When it comes to IIOT (Industrial Internet of Things) and the fourth industrial revolution, data has become exponentially more important to the way we automate machines and processes within a production plant. There are many different types of data, with the most common being process data. Depending on the device or sensor, process data may be as simple as the status of discrete inputs or outputs but can be as complex as the data coming from radio frequency identification (RFID) data carriers (tags). Nevertheless, process data has been there since the beginning of the third industrial revolution and the beginning of the use of programmable logic controllers for machine or process control.

With new advances in technology, sensors used for machine control are becoming smarter, smaller, more capable, and more affordable. This enables manufacturers of those devices to include additional data essential for IIOT and Industry 4.0 applications. The latest type of data manufacturers are outputting from their devices is known as condition monitoring data.

Today, smart devices can replace an entire system by having all of the hardware necessary to collect and process data, thus outputting relative information directly to the PLC or machine controller needed to monitor the condition of assets without the use of specialized hardware and software, and eliminating the need for costly service contracts and being tied to one specific vendor.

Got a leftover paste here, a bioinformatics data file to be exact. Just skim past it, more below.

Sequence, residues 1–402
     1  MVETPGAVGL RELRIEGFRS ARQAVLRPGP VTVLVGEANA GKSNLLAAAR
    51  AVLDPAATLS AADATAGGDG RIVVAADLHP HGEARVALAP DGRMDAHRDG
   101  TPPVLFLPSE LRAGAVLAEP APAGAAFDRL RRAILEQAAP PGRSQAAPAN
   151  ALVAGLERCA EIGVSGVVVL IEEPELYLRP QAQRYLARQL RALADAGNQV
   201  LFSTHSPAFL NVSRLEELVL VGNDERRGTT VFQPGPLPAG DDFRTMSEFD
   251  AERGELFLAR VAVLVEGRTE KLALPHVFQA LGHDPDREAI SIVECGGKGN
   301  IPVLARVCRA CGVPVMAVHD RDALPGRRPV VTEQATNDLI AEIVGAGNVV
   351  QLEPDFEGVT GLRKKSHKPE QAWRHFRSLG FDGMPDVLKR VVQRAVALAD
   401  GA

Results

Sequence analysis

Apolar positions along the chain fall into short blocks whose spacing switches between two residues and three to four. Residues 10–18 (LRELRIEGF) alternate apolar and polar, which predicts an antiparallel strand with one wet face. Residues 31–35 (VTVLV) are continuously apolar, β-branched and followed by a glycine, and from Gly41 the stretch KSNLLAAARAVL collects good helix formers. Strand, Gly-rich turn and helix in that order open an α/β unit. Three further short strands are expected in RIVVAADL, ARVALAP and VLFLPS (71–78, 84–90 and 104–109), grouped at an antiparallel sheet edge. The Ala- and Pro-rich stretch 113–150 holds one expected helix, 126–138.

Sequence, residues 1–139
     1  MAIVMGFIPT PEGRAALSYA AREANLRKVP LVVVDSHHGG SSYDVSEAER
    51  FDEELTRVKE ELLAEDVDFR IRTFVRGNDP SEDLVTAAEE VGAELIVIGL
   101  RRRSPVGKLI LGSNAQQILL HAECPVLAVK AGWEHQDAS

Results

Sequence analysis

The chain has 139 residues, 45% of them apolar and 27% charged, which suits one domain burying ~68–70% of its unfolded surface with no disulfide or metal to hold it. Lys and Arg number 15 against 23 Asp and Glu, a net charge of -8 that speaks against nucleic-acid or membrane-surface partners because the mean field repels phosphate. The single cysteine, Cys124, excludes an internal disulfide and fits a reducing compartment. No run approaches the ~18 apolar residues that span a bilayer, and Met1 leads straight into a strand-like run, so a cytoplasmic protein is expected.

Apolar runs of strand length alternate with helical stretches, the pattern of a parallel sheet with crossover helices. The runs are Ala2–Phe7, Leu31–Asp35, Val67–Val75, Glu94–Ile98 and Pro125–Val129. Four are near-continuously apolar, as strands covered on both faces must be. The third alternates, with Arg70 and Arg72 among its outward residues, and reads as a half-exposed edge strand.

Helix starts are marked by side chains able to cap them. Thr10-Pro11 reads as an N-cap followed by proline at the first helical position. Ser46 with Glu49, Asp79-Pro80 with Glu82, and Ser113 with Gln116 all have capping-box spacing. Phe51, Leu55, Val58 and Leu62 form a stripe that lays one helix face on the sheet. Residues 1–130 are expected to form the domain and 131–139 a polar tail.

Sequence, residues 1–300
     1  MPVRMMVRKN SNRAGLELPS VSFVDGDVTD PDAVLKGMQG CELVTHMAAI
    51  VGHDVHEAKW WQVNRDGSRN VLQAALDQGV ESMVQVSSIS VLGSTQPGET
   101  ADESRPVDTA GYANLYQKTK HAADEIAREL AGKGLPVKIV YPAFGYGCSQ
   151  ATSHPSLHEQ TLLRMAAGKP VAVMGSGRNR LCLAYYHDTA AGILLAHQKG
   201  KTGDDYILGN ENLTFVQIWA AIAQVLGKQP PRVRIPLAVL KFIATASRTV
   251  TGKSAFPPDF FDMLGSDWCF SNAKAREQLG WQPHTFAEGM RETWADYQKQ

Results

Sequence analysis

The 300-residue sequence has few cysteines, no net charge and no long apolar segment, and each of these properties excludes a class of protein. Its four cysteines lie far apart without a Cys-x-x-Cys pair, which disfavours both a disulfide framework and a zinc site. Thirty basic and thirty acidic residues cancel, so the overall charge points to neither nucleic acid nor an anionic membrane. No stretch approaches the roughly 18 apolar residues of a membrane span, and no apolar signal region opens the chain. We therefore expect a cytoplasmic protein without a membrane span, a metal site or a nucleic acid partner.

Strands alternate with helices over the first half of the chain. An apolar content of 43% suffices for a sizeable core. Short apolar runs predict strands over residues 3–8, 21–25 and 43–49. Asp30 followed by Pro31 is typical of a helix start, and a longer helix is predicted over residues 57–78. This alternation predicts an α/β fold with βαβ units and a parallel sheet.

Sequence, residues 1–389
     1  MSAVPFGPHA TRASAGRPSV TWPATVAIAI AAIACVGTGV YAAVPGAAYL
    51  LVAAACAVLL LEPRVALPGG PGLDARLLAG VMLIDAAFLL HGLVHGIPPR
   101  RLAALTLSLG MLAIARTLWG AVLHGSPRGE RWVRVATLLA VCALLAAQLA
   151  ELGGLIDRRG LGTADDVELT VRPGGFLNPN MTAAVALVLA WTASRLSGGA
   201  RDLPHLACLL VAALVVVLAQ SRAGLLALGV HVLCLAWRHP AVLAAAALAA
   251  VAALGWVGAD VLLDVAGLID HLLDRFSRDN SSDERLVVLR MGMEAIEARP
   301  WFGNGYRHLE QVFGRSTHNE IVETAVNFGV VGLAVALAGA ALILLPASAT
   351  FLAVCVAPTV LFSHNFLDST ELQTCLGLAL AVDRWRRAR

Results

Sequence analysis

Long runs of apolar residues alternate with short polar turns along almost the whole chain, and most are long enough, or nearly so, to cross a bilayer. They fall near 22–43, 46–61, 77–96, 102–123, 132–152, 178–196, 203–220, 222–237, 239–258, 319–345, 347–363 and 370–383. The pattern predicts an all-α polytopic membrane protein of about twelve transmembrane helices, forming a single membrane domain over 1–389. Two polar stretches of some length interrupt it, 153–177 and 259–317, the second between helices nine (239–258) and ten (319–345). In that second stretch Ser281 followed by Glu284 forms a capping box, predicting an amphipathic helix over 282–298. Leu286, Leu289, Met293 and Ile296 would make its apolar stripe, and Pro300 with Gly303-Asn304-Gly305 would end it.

A photo-electric laser distance sensor with condition monitoring has the capability to provide more than distance measurements, including vibration detection. Vibration can be associated with loose mechanical mounting of the sensor or possible mechanical issues with the machine that the sensor is mounted. That same laser distance sensor can also provide you with inclination angle measurement to help with the installation of the sensor or help detect when there’s a problem, such as when someone or something bumps the sensor out of alignment. What about ambient data, such as humidity? This could help detect or monitor for moisture ingress. Ambient pressure? It can be used to monitor the performance of fans or the condition of the filter elements on electrical enclosures.

Having access to condition monitoring data can help OEMs improve sensing capabilities of their machines, differentiating themselves from their competition. It can also help end users by providing them with real time monitoring of their assets; improving overall equipment efficiency and better predicting  and, thereby, eliminating unscheduled and costly machine downtime. These are just a few examples of the possibilities, and as market needs change, manufacturers of these devices can adapt to the market needs with new and improved functions, all thanks to smart device architecture.

Integrating smart devices to your control architecture